Viking Longships: Fearless Dragonships Daring The Oceans And Seas

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Ellen Lloyd - AncientPages.com - The Vikings were the lords of the oceans. One of the main reasons behind Vikings' success to reach distant lands lies in their remarkable longships. The Vikings’ ships were the greatest technical and artistic achievement of the European Dark Ages. Without these great ships, the Viking Age would never have happened.

Viking longships

During the Viking era, there were different classes of ships. The longships were mainly used as warships and the ships called Knarrs (or knorrs in Old Norse) served as slower passenger and cargo ships.

Viking longships were fast and could sail in shallow water. This gave the Vikings the possibility to travel up rivers as well as across the sea. In a raid, a ship could be hauled up on a beach. To surprise your enemy was an important strategic military tactic that gave the Vikings several advantages. The Vikings could jump out and start fighting, and then make a quick getaway if they were chased.

The Gokstad Viking ship in 1880 when it was discovered.

The Gokstad Viking ship in 1880 when it was discovered.

Many Viking ships were equipped with a dragon head on the bow. The dragon was one of the most famous symbols of the Vikings. Vikings believed the dragon could protect them against evil spirits at sea.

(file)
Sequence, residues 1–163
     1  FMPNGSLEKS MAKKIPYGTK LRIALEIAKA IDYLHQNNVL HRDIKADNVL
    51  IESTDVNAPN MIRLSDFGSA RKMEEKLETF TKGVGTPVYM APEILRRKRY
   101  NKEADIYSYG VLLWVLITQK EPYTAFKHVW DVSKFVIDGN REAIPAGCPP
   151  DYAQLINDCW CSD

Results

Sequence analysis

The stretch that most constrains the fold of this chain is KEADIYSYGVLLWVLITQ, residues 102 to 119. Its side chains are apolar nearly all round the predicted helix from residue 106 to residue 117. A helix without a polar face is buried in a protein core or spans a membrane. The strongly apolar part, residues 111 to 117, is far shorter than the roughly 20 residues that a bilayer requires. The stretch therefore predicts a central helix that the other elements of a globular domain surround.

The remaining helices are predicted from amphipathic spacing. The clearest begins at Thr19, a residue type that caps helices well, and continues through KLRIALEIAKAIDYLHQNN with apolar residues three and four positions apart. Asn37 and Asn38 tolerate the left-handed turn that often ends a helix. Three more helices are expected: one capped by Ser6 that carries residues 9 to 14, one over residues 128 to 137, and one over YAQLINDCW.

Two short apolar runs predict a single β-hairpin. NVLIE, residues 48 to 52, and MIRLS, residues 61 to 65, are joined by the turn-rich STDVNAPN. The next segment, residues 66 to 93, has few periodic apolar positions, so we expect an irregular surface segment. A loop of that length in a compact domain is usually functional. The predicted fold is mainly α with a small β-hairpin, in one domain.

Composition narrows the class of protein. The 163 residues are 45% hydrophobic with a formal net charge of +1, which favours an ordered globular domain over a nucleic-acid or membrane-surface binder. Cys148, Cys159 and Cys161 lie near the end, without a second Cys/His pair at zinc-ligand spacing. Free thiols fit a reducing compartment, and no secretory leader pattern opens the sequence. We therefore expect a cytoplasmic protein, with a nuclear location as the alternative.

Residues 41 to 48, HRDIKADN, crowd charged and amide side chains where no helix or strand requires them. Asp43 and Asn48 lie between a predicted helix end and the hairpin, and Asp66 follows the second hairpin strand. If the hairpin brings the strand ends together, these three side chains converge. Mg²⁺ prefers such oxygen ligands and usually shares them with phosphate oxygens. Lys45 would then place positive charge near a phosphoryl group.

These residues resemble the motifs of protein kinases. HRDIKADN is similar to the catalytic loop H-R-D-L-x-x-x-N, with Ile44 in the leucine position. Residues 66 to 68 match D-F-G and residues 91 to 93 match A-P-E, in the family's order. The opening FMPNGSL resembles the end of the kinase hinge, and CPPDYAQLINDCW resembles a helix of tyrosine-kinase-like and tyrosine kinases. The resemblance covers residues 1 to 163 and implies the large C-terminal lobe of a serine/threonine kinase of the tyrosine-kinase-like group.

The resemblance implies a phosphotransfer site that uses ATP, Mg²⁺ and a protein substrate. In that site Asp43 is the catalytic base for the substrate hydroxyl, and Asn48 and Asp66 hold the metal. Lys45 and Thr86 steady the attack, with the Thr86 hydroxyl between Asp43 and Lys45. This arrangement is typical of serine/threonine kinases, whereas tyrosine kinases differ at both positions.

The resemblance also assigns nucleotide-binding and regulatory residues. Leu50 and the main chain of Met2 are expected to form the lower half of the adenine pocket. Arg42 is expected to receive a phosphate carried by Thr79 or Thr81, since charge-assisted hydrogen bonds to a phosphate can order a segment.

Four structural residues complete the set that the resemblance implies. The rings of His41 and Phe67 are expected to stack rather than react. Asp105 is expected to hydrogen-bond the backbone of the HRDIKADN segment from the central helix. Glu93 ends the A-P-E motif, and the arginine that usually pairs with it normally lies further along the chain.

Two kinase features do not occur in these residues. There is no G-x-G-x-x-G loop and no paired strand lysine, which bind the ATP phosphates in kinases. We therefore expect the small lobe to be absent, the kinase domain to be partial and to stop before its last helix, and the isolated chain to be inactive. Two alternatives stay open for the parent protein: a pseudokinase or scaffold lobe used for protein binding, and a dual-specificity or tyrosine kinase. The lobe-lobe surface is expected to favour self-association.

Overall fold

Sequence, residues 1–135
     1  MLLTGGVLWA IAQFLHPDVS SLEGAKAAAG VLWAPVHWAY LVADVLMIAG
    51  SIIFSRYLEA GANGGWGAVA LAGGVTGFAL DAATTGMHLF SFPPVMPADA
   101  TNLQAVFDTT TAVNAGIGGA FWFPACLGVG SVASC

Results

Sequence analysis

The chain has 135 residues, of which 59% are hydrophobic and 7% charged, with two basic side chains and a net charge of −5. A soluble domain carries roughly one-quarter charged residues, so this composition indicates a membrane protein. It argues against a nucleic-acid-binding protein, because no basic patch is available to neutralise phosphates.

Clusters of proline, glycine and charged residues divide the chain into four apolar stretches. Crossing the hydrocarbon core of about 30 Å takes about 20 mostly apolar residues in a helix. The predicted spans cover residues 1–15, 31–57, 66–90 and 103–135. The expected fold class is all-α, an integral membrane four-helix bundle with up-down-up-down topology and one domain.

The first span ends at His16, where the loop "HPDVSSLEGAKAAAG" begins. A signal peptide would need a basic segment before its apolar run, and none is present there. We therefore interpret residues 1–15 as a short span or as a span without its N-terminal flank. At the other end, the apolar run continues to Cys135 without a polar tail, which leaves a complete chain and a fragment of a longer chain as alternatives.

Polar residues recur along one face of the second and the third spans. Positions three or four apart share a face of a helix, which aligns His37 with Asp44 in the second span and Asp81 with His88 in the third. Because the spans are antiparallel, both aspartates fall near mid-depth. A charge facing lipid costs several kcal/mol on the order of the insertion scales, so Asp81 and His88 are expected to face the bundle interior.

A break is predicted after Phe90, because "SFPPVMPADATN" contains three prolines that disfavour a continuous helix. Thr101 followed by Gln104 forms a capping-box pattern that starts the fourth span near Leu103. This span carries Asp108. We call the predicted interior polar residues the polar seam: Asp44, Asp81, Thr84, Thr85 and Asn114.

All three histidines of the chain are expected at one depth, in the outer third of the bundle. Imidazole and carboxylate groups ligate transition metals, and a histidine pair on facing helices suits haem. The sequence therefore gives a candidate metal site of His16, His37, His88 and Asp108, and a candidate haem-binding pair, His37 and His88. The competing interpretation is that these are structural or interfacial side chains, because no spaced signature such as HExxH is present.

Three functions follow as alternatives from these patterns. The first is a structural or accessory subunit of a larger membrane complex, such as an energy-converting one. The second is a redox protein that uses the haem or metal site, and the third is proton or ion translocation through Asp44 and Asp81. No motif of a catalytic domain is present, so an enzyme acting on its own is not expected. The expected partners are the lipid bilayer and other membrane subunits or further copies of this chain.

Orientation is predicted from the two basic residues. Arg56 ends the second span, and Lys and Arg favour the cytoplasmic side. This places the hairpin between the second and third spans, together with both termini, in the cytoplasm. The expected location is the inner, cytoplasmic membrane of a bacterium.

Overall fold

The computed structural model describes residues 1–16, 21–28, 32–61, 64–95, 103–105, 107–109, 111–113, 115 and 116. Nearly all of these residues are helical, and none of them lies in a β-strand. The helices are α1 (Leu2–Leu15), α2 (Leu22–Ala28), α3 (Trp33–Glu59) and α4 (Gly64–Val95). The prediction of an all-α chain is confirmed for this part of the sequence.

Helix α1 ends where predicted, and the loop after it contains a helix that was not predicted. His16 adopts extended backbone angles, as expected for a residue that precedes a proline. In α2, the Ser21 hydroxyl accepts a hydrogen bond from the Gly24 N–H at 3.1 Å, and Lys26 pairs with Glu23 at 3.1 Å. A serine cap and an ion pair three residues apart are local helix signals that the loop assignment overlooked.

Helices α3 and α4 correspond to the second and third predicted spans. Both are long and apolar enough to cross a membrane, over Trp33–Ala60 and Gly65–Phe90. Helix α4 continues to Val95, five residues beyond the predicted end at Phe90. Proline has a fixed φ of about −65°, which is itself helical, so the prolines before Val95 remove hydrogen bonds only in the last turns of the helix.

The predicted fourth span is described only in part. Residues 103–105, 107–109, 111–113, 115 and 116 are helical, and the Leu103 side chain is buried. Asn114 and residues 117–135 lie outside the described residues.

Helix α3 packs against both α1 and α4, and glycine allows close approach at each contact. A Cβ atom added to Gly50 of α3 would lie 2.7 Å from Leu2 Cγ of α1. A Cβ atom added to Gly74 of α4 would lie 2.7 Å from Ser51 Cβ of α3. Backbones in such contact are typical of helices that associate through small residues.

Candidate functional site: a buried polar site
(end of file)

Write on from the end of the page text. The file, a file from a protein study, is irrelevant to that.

Vikings built their ships beside a river or an inlet of the sea. A tall oak tree was cut to make the keel. The hull of the ships was made by overlapping planks and securing them with iron rivets. This made the ships very strong.  A wool string was dipped in tar and forced between the planks to prevent leaks.

To steer the ship, one man worked a big steering oar at the back end, or stern.

The longships gave the Vikings several advantages when they went to war or raids.

The longships gave the Vikings several advantages when they went to war or raids.

A dragonship was usually between 30-50 meters long and could carry 40 and 60 oarsmen. The men slept and ate on deck. There was some space below deck for stores, but no cabins. Two of the most famous Viking Ships, the Gokstad Viking ship and the Oseberg ship, were found by archaeologists in Norway.

Both ships were buried in Viking funerals between AD 800 and 900 and are now in the Viking Ship museum in Oslo, Norway.

It was in a longship that Leif Eriksson landed on the American coast around the year 1000, long before Columbus. Of course, all other famous Viking warriors used longships when they traveled to other countries.

The longships were more or less invincible and gave the Vikings a vital advantage when they went to war or raids.

Written by – Ellen Lloyd  - MessageToEagle.com 

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